The ‘McModern’ Park house.TWITTER/LOSTINFILM

Architecture is the real star of the film Parasite. Arguably, if you removed all the actors from the film’s shots, Bong’s message would still be successfully conveyed by the architecture. The film is a satire of inequality, using a dark tale to portray the stark class divide that exists in South Korea, and to some extent in all western liberal democracies. While all of Bong’s movies are dark comic sendups of today's late capitalism (for example, Okja and Snowpiercer), Parasite is different. The message of the film is subtler, closer to the audience’s reality. The struggles of the characters don’t take place in a post-apocalyptic train or in an evil corporation, but in everyday domestic settings.

A behind-the-scenes shot of the Kim household set.pinterest/huimean

The film starts with shots of the Kim household, a dark, dirty semi-basement. Their poverty is comically evident: drunken wanderers urinate by their window, and when a fumigator sprays their house, the father joyously boasts “We’ll get free extermination!” This kind of a home is not unrealistic in South Korea. These spaces were bunkers during the war, but began to be used as residential spaces after the 1980s housing shortage. In an interview, Bong explained that this dwelling does more than reflect the Kim’s place in society. “It really reflects the psyche of the Kim family; you’re still half over ground, so there’s this hope and this sense that you still have access to sunlight and you haven’t completely fallen to the basement yet. It’s this weird mixture of hope and this fear that you can fall even lower. I think that really corresponds to how the protagonists feel.”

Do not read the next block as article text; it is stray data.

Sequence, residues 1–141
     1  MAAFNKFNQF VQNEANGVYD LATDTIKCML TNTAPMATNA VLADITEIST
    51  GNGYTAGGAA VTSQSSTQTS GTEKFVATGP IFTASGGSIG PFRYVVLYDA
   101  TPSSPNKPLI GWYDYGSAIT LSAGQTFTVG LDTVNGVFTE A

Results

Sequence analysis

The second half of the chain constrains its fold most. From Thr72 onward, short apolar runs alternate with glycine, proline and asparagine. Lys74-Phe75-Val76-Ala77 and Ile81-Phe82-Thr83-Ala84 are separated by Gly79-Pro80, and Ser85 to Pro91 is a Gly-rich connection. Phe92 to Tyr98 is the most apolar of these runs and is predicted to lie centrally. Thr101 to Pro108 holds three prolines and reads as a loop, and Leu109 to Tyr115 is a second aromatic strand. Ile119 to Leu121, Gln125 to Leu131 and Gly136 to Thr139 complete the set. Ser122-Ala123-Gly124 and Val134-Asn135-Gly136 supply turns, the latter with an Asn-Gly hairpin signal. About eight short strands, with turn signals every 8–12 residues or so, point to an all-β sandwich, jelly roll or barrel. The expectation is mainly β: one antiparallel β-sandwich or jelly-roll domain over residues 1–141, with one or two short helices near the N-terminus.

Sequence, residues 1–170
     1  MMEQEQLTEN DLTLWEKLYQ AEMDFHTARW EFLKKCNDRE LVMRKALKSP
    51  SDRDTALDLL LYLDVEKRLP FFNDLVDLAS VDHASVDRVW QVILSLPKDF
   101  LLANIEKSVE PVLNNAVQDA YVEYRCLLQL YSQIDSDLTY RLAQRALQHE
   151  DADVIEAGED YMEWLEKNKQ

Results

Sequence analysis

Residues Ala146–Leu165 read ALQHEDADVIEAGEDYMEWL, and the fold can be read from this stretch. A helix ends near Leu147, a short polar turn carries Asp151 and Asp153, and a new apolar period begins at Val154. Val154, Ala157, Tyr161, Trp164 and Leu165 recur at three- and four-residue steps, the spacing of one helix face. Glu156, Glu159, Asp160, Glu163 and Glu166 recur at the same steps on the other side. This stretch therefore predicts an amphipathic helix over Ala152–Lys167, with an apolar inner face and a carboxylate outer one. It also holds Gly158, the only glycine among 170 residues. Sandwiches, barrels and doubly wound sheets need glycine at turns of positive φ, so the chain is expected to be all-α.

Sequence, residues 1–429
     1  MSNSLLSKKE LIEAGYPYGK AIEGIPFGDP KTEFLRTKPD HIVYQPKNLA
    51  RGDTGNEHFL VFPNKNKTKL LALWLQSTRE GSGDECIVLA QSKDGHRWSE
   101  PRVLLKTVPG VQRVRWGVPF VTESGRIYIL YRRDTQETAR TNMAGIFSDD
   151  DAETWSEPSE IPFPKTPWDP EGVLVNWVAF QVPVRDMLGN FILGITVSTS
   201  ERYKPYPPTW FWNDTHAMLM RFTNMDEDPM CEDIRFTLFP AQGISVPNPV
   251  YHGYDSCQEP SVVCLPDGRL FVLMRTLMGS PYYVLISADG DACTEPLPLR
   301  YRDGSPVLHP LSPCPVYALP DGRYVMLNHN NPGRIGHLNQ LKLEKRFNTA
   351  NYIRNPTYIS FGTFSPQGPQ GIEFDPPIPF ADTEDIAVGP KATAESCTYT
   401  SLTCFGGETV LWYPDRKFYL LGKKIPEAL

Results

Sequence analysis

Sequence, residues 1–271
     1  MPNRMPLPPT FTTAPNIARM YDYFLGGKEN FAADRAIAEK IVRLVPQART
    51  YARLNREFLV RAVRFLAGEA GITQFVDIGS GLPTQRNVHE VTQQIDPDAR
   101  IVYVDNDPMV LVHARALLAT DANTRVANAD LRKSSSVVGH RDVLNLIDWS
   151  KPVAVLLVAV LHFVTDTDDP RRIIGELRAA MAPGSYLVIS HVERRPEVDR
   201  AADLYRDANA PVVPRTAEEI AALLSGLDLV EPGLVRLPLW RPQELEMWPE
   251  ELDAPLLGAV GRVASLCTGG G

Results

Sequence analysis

"The Park house smacks of the vain sophistication of its owners."TWITTER/LOSTINFILM

Meanwhile, the Park house smacks of the vain sophistication of its owners. Its modern minimalism, with its clean lines and silhouettes, large spaces covered with wood and glass, expensive artwork on the walls, is exactly what critic Kate Wagner described as ‘McModern’. The kind of architecture is favoured by the ‘new money’ types, perceived by its owners as culturally significant and revered by the educated elite and their glossy magazines. Bong explains that the mother “wants to show she is not like the rich old-timers—she is a new, young rich person with very sophisticated taste.” But the house does much more than that. The reference to the fictional architect of the house, Namgoong Hyeonja, is a signal to the audience to pay close attention to the building’s design. Ultimately, the dark plot twist is made even more sinister by the fact that it happens in a seemingly cosy and comfortable domestic environment. This 21st-century haunted house ultimately enables a fully-fledged attack on the viewers’ senses.  


READ MORE

Mountain View

Sensing history at Dennis Severs’ House

The true artistic triumph of the film’s architecture lies in the masterful contrast established between the two households. The camera enters the Kim family space in an intrusive manner, descending from above and adding to the claustrophobic atmosphere of the house. To get to the Park house, one needs to ascend; the roads leading to it are cleverly framed, always filmed from the bottom upwards. The house itself is set upon a hill, separated from the world that the Kims live in. The rain scene illustrates this graphically. For the Park family, the rain is entertainment, just another comforting spectacle from their elegant parlor: “Rain falling on the lawn, as we sip our whiskey” Dong- ik says. In the Ahyeon-dong neighbourhood, the rain is almost apocalyptic, completely annihilating people's homes and forcing them to evacuate. The privilege of wealth could not be more carefully portrayed.

The movie ends with Ki–woo setting a plan in motion to free his father. He envisions becoming successful, buying the house, meeting his father in the Park residence's idyllic garden... But the vision is revealed to be nothing more than a dream. The house represents a level of privilege that is, for many, unattainable; a house, a life that people like Ki–woo can only dream of.

Sponsored links

Partner links